The Mind of God

Paul Davies

Simon & Schuster 1992
A book review by Danny Yee © 1993
The Mind of God is one of the recent offerings from physics populariser Paul Davies. Unlike his other books it contains very little in the way of actual physics, being instead about foundational metaphysical and epistemological issues. While it is written for a popular audience and makes no assumptions of prior knowledge, the reader without any maths/physics/computer science background is likely to find the barrage of new ideas heavy going. The philosophically naive reader is also likely to end up confused by the plethora of different ideas being thrown at them. However they should not be put off, as the ideas and issues covered are arguably intrinsically perplexing. (Perhaps the only reason they don't confuse practicing philosophers is because the latter are already extremely confused :-).

The Mind of God begins with physics, looking at different theories of the creation of the universe, the nature of physical laws and the possibility of a theory of everything. This leads on naturally to a discussion of mathematics and its philosophical foundations, and then on to computer science, and in particular the nature of computation and its relationship to physical processes. Then it's back to mathematics and its relationship with physics. After this things get more philosophical, with a look at various arguments for a "God" or at least something "outside" the universe. The final chapter is a look at mysticism and contains a suggestion that non-rational (religious and mystical) approaches to understanding may be able to go beyond the limits of physics.

The bulk of the material is expository, but Davies does come to two broad conclusions. The first is that there is something special about the universe, the second is that there is something special about us. "We are truly meant to be here." is the closing sentence of the book. I do not find the arguments for either of these at all convincing. I am tempted to play the positivist and argue that neither of his claims means anything (because I do not understand how anything can be "special" except to or for an observer, and hence cannot see how one can argue that the universe is special without first assuming the existence of a God), but there are other problems with these claims.

The argument that there is something mysterious about the universe is based on our ability to understand the universe at all and on its apparent operation according mathematical rules. The former is a natural consequence of our existence as intelligent animals, and the explanation of this is the task of evolutionary biology. (See below, and consult any work on the evolution of consciousness and cognition.) The latter is only significant if there is an alternative, and I would argue that anything with structure can have that structure represented mathematically, and anything that "exists" must connect to other things (perhaps there are invisible, intangible, non-interacting pink elephants out there, but they don't concern me) and hence must exhibit some kind of structure.

The laws of physics are indeed such as to allow life to exist, but it is not clear that we can deduce anything about our own significance from that. Even given the right laws of physics it seems that the existence of Homo sapiens (or indeed multicellular life) on this planet is a contingent fact of natural history and by no means inevitable. (See Stephen Jay Gould's Wonderful Life, for example.) Also, given that we do not even know what Omega (the average mass density of the universe) is to within an order of magnitude, it seems hard to argue for the sensitivity of the existence of life to the "initial conditions" of the universe!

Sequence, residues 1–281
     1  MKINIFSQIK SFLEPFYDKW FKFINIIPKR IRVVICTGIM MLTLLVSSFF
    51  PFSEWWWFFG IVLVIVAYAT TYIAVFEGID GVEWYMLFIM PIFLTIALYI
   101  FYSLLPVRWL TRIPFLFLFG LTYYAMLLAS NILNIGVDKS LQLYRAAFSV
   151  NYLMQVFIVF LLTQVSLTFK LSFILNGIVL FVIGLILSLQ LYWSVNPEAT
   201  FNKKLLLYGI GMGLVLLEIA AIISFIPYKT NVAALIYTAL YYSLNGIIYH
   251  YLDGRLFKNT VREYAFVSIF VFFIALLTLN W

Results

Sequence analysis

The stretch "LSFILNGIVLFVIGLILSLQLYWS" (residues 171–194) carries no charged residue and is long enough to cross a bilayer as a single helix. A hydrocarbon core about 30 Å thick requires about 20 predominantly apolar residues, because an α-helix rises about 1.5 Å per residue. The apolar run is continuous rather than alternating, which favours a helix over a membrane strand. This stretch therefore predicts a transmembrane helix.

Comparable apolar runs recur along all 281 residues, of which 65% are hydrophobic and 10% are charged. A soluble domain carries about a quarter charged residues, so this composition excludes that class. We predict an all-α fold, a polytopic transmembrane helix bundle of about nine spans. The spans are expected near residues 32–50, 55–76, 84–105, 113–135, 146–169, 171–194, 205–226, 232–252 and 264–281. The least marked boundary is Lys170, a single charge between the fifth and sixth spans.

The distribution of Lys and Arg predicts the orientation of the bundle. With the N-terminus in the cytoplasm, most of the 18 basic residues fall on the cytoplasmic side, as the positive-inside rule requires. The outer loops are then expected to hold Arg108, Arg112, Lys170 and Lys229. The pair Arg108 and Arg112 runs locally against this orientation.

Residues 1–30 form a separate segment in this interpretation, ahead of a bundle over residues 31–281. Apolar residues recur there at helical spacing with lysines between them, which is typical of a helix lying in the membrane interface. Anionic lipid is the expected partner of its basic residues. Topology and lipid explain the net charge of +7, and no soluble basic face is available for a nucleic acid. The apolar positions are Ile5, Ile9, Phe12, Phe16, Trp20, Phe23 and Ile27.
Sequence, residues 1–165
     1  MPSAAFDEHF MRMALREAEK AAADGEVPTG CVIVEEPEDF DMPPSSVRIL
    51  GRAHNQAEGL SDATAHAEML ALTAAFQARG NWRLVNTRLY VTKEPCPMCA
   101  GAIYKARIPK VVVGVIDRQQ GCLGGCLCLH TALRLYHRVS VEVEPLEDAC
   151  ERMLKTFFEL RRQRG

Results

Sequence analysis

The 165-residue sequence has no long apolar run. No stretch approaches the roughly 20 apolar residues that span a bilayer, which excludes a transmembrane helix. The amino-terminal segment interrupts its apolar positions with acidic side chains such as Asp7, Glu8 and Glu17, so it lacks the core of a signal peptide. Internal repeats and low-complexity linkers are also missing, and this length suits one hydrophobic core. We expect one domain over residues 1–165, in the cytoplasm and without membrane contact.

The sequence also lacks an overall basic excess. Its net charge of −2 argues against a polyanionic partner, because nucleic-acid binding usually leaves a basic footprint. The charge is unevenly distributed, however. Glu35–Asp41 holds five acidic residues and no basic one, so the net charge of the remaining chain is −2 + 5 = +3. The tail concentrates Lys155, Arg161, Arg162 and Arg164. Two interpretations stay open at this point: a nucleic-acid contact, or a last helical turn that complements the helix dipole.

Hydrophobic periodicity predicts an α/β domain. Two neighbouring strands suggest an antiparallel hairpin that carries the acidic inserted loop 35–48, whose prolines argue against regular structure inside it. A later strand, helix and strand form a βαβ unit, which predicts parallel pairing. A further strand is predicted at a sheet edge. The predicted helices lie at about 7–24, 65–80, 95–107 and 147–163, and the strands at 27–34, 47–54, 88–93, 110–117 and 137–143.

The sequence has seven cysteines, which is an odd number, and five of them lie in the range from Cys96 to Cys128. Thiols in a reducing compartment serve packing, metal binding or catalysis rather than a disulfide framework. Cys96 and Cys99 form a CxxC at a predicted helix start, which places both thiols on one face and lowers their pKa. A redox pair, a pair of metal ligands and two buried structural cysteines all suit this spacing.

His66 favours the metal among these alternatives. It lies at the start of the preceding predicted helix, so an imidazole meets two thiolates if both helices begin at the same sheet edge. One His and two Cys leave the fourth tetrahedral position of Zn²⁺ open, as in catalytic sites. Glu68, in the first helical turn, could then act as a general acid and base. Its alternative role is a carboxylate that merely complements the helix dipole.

The long progression through the arguments for the existence of God - the good old ontological argument, the cosmological argument and the argument from design all making their appearance - is a little odd. Davies provides more than adequate explanations for the failure of each of the different arguments as he proceeds, yet at the end has somehow given the impression that all the arguments put together, despite having been individually refuted, give some kind of support to there being a "God".

Davies' restriction of his view to the physical and mathematical sciences and his complete neglect of the historical sciences is also worrying. To me his ideas seem a strange mixture of Cartesian reductionism on the one hand and mystical idealism on the other. He attempts to reduce epistemology to physics, mathematics and computer science, and then, when these don't seem to be able to explain everything, resorts to appeals to mysticism and religion. There is more to the universe (and epistemology) than physics and mathematics deal with. Instead of looking to mysticism or religion for information about this or about our place in the universe, however, I would suggest trying anthropology and evolutionary biology.

These qualms about Davies' broader conclusions aside, The Mind of God is a brilliant exposition of foundational philosophical issues in mathematics, physics and computer science. It is recommended reading for anyone interested in the big philosophical questions.

December 1993

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%T The Mind of God
%A Davies, Paul
%I Simon & Schuster
%D 1992
%O hardcover
%G ISBN 0671710699
%P 254pp